The practice of thinning works on the proven fact that most sites can produce the same amount of volume growth on fewer good stems as they can on many smaller ones. Thinning will occur naturally in a stand that is overcrowded, but the process will take many years and result in a reduced growth rate of all the trees, including the crop trees. The goal then is to take advantage of the volume in the trees that will die off before they die and maintain the growth rate of the crop trees. Pine thinning accomplishes multiple objectives; 1) increases or maintains the growth rate, 2) improves or maintains the health of the trees, 3) increases resistance to insects and disease, 4) provides earlier and more steady financial return, 5) improves wildlife habitat and 6) increases forest management options.
The optimal approach to thinning is to accomplish two of them in the life of the stand. Each one should concentrate on removing the smallest, least productive stems from the stand of trees, leaving the best trees as "crop trees". The first thinning should occur at age 16 - 20 and bring the number of trees down to 250-300 trees per acre dependent on the site and health of the trees. The second thinning should then occur at age 25 - 30 and reduce the stocking to 125 trees per acre. These are the trees that will be carried to the full rotation age of 35-45. Thinning pines can actually shorten the overall rotation length by growing a larger diameter tree in less time.
By thinning your trees, you will be selling the trees that are removed. Typically you should get $14 - $18 per standard cord of wood removed in the first thinning. Most first thinnings seem to yield an average of 10-12 cords per acre and the buyer usually pays per unit volume removed which is measured in weight as the trucks enter the mill. Loblolly pine pulpwood in Virginia averages about 5200 pounds per cord. This means each cord of pulpwood weighs approximately 2.6 tons and the price range above is equivalent to $5.38 to $6.92 per ton (or $0.27 to $0.35 per 100 pounds). The thinning sale contract often expresses the price you get in terms of weight received at the mill. Different mills use slightly different weight conversions so you should be aware of what your buyer is using.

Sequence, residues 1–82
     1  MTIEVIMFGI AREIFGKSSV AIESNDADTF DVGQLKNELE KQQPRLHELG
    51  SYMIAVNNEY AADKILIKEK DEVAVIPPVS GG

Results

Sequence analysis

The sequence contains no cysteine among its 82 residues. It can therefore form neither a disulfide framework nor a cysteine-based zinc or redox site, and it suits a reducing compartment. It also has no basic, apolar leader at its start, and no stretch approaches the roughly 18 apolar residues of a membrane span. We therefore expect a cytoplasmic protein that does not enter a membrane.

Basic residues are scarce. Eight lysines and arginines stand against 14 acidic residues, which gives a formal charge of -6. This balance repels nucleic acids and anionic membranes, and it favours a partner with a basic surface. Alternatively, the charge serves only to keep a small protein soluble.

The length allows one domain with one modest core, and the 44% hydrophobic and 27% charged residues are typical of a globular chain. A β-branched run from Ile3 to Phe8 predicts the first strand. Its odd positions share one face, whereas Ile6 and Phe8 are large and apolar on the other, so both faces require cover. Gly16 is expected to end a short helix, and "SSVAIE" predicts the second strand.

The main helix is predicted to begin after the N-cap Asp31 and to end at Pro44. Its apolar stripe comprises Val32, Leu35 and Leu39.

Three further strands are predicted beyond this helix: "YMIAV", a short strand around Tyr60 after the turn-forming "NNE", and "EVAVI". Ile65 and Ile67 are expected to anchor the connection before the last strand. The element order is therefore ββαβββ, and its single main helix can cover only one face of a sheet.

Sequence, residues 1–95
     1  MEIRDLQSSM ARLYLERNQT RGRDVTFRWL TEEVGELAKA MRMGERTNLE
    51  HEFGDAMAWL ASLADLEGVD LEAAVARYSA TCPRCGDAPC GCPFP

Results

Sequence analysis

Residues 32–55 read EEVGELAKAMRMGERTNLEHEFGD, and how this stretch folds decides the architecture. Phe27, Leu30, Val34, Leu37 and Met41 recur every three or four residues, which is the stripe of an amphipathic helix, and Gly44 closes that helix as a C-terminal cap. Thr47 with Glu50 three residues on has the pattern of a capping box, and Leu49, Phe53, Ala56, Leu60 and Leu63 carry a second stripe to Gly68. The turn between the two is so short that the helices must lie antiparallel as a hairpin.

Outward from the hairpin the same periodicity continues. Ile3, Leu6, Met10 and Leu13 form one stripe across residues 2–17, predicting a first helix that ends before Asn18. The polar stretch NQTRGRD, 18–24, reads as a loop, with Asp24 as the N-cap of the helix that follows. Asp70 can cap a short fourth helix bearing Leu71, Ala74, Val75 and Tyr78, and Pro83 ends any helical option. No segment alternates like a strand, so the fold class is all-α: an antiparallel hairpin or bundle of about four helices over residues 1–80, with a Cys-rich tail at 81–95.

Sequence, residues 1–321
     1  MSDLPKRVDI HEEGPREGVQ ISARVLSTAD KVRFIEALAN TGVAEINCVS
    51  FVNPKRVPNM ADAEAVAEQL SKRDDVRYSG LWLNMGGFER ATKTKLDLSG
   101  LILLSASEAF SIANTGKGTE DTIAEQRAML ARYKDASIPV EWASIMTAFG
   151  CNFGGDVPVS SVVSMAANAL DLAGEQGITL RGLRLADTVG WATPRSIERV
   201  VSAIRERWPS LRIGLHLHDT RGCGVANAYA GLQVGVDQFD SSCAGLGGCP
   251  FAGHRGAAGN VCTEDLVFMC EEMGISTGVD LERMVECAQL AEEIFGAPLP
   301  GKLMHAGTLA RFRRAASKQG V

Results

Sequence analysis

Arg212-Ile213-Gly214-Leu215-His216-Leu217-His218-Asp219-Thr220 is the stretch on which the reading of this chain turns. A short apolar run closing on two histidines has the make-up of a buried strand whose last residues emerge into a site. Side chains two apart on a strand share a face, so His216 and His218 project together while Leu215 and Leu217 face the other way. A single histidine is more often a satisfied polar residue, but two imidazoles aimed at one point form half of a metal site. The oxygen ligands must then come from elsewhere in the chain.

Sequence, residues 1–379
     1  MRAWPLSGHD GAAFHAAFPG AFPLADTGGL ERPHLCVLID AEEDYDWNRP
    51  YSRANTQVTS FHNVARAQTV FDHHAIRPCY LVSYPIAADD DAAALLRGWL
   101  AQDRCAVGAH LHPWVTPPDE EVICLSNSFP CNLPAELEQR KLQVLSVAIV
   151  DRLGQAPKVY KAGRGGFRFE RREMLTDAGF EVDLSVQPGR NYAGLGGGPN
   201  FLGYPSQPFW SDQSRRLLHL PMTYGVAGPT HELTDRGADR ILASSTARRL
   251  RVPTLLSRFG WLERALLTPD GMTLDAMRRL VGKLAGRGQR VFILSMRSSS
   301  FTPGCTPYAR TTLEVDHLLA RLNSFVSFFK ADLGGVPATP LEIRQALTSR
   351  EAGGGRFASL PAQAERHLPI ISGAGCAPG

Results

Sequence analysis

Seldom is there a lump sum sale in a thinning. Sometimes a deposit may be paid by the buyer which represents a certain percentage of the estimated volume. This ensures the pines will be cut soon. The second thinning often results in both pulpwood and "chip and saw" wood (small sawtimber) that brings an even better price. A consulting forester may be hired to estimate the volume and administer the sale if you desire. I can provide you with a list of consulting foresters.
More often than not, thinning is done by mechanical row thinning. In this case they cut an entire row of trees every 45-60 feet apart. Then, certain trees are removed from between the rows. This has proven to be an effective and efficient way to operate a thinning. In some cases, on smaller tracts, the project can be marked for a thinning. This ensures that the better trees are left in the woods but many buyers prefer to avoid the constraints it imposes. You should be aware that not all loggers have the skill and experience to conduct a successful thinning. It is vitally important that care be exercised in both the selection of trees and the removal of trees so that the future crop trees are capable of responding to the increased space to grow and not damaged in any way. A list of local pine thinning operators is available upon request.